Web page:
AIRLESS PAINT SPRAYING 101
I sold an Airlessco LP500 last week to a new customer. It started like many other deals, with the customer asking for a price on a specific sprayer. We came to terms and I shipped him his sprayer. Later he asked me if there is anything he should know about this sprayer and with a few basic questions, I found out he has never used an airless sprayer before. I sometimes assume that everyone has been exposed to airless spray equipment and all I have to do is dis-spell rumors or fill in the gaps. This set me back for minute. Usually, I am with the customer and as I show him how to work his sprayer, I talk about all the tips and tricks. I have never had to do this via email. When it came time to write a blog page, I thought this would be perfect, so here is a starting point with airless:
1. Injection. I think I freaked my customer out when I told him to go to the hospital in case he injects himself and have it cleaned out. In 26 years I have only heard of injections twice, both simple, no amputations. That said, don't ignore it and wake up to a swollen hand or something. I'm sure the nasty pictures I have seen from the factory resulted from guys not doing anything about it until it got bad.
2. Static electricity. In my 26 years, I have heard of 3-4 cases where static electricity started a fire. This isn't such an issue with water-based coatings as the worse it gets is a "carpet zap" shock. When fluid moves through a hose, the friction causes static electricity. Airless hoses conduct electricity and the static generated gets grounded out through the ground prong on the cord or the grounding wire on your gas or air powered sprayer. When cleaning out epoxy or lacquer, keep the gun in contact with the bucket, that way it too gets grounded.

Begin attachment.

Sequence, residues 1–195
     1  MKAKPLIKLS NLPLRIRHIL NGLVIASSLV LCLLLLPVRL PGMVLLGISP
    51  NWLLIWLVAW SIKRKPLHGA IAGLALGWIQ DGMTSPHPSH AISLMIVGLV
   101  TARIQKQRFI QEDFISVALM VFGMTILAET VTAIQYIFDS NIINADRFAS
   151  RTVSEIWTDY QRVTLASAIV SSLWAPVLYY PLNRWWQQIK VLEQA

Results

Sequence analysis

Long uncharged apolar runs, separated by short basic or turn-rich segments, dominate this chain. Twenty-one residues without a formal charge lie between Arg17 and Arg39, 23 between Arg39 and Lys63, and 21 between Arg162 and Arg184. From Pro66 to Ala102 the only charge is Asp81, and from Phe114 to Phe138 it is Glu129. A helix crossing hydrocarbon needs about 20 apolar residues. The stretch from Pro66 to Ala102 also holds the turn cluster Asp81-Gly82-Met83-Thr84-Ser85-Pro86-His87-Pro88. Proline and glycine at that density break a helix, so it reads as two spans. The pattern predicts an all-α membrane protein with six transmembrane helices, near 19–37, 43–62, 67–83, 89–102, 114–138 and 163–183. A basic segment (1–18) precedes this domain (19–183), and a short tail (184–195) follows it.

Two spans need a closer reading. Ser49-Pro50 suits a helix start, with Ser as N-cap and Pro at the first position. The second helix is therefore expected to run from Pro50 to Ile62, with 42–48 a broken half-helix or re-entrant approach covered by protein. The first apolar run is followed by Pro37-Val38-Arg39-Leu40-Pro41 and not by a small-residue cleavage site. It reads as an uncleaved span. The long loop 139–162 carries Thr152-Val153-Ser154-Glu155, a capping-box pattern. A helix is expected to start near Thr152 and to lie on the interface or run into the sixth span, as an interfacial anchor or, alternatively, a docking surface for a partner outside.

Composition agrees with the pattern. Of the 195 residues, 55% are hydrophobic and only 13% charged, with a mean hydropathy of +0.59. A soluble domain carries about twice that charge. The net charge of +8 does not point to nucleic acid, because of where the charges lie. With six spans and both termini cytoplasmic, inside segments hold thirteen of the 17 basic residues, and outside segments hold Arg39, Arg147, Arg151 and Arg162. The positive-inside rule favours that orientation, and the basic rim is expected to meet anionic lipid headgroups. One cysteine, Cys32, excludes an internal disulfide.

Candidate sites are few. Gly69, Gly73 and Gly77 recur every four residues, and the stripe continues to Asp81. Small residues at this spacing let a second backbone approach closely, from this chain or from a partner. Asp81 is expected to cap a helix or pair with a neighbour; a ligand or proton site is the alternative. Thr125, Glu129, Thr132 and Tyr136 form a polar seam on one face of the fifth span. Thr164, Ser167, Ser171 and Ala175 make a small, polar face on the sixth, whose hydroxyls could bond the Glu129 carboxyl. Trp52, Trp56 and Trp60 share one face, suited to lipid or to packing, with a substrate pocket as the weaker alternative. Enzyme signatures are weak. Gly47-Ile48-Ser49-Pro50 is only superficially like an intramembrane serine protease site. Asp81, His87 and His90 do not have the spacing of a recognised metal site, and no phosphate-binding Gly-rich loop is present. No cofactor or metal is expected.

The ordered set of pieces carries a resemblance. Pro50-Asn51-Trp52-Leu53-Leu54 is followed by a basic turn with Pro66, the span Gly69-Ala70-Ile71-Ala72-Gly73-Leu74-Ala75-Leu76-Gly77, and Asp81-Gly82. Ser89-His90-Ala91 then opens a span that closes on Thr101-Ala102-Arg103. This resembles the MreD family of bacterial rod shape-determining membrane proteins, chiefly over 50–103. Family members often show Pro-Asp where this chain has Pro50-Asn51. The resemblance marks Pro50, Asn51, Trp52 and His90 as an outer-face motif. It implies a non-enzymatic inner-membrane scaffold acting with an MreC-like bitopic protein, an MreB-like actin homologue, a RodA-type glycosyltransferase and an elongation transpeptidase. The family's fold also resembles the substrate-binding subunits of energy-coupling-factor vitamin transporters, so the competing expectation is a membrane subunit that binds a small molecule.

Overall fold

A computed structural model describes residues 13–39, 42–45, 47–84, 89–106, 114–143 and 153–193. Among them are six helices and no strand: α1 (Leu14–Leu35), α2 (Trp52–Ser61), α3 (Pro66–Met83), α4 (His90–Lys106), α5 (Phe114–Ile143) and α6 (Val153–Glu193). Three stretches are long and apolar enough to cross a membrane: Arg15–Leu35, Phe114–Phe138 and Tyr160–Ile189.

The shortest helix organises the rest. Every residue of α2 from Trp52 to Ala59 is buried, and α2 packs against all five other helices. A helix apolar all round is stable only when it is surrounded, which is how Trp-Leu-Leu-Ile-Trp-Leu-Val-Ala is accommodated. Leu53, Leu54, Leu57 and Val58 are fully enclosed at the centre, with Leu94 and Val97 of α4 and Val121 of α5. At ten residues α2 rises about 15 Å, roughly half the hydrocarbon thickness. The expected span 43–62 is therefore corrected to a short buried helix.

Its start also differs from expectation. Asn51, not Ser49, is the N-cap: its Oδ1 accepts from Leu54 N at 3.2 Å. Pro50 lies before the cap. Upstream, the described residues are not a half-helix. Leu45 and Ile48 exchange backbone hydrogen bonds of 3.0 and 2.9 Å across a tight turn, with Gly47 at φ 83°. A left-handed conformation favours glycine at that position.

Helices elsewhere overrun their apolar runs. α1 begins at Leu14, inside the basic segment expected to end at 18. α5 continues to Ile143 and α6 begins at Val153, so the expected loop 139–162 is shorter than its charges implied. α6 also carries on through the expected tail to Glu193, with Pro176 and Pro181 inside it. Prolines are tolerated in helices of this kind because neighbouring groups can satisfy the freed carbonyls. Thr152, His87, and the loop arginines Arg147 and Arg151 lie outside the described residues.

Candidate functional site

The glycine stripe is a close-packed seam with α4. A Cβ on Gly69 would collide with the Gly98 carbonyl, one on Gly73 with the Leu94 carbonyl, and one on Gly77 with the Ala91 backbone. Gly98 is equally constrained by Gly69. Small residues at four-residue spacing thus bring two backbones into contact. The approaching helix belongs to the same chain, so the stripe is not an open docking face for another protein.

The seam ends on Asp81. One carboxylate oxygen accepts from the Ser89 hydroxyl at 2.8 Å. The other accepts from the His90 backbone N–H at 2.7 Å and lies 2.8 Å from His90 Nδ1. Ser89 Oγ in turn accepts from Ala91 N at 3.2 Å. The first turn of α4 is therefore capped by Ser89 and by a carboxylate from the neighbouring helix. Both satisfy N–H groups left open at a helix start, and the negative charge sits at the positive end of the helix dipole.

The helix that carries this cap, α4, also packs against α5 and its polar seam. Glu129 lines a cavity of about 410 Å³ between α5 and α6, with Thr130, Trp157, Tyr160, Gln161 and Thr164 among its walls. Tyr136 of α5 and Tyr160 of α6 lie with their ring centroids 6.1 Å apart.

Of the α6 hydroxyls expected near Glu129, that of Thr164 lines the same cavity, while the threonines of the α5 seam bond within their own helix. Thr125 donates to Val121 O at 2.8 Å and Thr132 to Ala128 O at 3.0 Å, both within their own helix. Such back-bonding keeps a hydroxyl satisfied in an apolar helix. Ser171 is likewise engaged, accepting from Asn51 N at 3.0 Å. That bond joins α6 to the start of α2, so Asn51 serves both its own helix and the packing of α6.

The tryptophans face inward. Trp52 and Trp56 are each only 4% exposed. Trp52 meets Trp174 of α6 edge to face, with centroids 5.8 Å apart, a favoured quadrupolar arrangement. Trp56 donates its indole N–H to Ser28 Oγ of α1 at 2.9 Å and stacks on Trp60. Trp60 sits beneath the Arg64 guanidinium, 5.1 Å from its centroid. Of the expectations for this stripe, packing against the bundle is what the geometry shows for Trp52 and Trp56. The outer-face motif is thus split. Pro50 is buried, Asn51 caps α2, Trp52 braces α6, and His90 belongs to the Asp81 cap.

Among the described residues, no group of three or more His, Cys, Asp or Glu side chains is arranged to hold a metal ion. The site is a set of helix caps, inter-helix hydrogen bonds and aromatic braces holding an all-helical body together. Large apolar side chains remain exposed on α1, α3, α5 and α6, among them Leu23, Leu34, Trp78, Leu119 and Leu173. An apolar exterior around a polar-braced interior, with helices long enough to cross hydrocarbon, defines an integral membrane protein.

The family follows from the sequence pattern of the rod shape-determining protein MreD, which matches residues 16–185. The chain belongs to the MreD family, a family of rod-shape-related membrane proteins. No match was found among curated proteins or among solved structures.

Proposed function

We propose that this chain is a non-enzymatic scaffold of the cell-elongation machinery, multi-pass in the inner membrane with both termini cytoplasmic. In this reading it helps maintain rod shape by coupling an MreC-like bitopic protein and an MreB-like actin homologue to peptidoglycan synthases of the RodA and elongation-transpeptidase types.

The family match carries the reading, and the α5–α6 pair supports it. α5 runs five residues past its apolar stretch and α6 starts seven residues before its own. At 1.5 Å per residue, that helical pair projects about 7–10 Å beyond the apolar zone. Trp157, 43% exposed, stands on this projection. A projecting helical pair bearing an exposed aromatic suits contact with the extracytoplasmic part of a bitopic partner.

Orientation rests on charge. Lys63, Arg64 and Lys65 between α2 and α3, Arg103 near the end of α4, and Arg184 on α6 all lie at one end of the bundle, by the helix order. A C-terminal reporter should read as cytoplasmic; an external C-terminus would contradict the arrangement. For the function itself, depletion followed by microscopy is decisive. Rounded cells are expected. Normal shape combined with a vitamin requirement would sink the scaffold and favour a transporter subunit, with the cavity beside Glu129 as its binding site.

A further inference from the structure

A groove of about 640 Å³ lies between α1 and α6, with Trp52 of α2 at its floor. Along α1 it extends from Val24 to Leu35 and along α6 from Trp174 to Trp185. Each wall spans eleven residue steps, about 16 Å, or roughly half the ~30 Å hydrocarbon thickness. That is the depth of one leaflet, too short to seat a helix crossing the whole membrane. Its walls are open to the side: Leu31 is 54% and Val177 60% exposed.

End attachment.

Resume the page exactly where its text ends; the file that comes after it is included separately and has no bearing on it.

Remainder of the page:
3. Moving parts. A lot of times you forget your sprayer is on during idle moments and then you hear it run for a second to maintain pressure. One of my competitors either forgot it was on, or didn't think it would turn on when he tried securing the little cap onto the packing nut when it turned on and squished his finger. These machine have a lot of power and it's all centered on making that piston go up and down. If you do any fiddling with it, be sure to unplug it and dump the pressure.
1. Wash out. If it's a water-based coating, use water. If you want to be really official, use warm soapy water. Don't leave the water in there long enough for the guts to rust and get damaged. If storing, use anti-freeze or spirits. If it's an oil-based coating, use spirits or stronger solvent if it's epoxy or lacquer. Don't leave the stronger solvents in for extended storage because it can damage the leather packings (if you have leather packings).
2. Oil packings. All piston pumps have a little reservoir surrounding the piston to hold oil. When the piston goes up, it collects a film of oil. Any debris or overspray sticks to the oil and not the piston. On the way down the debris goes into the oil bath and not into the upper packings. This prolongs the life of the upper packings as well as the piston rod.